The Boisdale Guide To Cooking A Perfect Steak
Lord knows you don’t have a charcoal grill or Josper at home - fear not - with these essential rules of thumb everyone can cook a terrific steak.
What’s the beef - it is incredibly important to buy the best meat you can afford - as you’re here we’re off to a good start.
Buy big - we like our steaks charred on the outside whilst juicy and succulent on the inside - this can only be achieved with our thick cut steaks.
Store correctly - your meat will arrive vacuum packed - 24 hours before cooking take the beef out of the packaging and keep on a plate loosely covered by parchment paper at the bottom of your fridge. All meat is best stored like it is displayed at the butcher’s counter.
Acclimatise - take your steak out of the fridge at least an hour before you start cooking to bring it up to room temperature.
Fire it up - light some lumpwood charcoal for the barbecue or heat up a heavy duty cast iron pan.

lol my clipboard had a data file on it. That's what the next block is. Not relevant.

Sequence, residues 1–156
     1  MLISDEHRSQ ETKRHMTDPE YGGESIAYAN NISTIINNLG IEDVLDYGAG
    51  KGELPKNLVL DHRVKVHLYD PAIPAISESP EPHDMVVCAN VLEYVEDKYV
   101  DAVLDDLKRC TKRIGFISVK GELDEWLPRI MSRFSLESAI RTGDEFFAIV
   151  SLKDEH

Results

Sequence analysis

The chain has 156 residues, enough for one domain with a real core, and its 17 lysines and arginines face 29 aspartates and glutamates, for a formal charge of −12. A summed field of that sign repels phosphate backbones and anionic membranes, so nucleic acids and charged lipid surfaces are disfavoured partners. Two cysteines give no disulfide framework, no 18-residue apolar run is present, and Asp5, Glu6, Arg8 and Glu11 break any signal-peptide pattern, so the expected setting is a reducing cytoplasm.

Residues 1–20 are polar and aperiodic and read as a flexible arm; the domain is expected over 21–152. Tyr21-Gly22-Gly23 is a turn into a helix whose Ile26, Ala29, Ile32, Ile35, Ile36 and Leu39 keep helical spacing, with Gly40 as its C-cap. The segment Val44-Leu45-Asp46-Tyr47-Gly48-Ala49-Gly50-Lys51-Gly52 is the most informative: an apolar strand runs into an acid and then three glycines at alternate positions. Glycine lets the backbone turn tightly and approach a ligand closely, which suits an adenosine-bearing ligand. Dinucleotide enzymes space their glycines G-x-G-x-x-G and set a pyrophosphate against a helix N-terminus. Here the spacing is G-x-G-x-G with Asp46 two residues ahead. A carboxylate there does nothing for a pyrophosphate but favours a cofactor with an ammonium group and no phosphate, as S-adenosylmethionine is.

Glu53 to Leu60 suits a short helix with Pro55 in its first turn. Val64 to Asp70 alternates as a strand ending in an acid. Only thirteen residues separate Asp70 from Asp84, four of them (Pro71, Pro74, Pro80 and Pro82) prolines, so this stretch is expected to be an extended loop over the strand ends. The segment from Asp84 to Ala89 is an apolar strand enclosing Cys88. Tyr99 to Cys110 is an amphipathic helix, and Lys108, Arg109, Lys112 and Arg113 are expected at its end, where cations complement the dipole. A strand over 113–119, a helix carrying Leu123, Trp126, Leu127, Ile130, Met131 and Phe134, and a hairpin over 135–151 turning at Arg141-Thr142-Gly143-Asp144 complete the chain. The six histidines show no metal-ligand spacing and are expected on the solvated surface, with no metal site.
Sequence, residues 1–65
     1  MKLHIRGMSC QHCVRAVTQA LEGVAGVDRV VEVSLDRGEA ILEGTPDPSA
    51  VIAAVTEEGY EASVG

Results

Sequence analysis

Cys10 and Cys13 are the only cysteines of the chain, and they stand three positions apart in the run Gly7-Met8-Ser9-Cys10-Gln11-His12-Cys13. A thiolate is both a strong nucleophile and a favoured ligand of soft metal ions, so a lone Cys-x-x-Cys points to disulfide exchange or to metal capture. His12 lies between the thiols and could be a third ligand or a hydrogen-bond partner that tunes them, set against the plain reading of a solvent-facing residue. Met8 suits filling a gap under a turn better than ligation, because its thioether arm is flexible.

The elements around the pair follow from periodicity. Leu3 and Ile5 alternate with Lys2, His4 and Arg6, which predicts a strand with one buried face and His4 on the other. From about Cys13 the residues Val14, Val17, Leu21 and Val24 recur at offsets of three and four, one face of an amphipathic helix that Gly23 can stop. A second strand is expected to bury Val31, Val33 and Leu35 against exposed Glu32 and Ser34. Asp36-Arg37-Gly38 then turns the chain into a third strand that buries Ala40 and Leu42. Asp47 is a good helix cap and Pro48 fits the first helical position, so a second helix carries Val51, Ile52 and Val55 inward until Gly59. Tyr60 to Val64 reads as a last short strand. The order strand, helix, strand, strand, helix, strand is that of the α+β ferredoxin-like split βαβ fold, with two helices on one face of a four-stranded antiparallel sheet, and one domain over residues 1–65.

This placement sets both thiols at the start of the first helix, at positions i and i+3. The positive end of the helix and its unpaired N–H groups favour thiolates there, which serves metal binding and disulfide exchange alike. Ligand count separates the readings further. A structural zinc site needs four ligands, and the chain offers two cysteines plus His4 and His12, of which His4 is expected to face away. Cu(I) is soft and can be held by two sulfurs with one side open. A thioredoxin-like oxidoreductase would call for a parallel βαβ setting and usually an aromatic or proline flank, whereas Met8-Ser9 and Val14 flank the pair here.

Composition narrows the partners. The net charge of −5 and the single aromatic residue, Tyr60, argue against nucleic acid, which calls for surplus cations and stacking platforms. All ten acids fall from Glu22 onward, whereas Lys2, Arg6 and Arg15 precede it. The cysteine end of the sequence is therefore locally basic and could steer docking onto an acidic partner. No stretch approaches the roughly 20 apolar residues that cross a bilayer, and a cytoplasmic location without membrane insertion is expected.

Hot hot hot - you’re looking for white hot coals on the barbecue (takes one hour) or a very hot pan (takes at least five minutes). You should not be able to leave your hand close to the grill or pan. Open the window if you’re inside as it’s about to get lively.
Prep your steak - to ensure a decent crust, pat the beef dry with kitchen towel and season liberally with Maldon sea salt or similar. Do not be shy at this point - apply more salt than you think is strictly necessary to ensure that every surface is covered. We don’t use any oil when cooking our steaks - if the barbecue or pan is hot enough the steak won’t stick.
Get cooking - stick on the steaks and leave for two minutes before turning. Sear the other side for a minute or so and then keep on turning until the steak is cooked to your liking, making sure you sear all the edges especially the fatty bits. Keep it moving - be careful not to burn your steak. If cooking more than one steak do not overcrowd the grill or pan.
How’s it looking - with over 30 years of experience we can tell how a steak is cooked by touch (moderately springy for medium rare) - but this takes practice so a digital thermometer is your best friend here: 55°c to 60°c for medium rare, 60°c to 65°c for medium and 65°c to 70°c for medium well (the internal temperature should be at the bottom end of each range at the end of cooking and towards the top end once rested).
Rest - put the steak on a warm plate and depending on size leave to rest for five to ten minutes before serving on hot plates.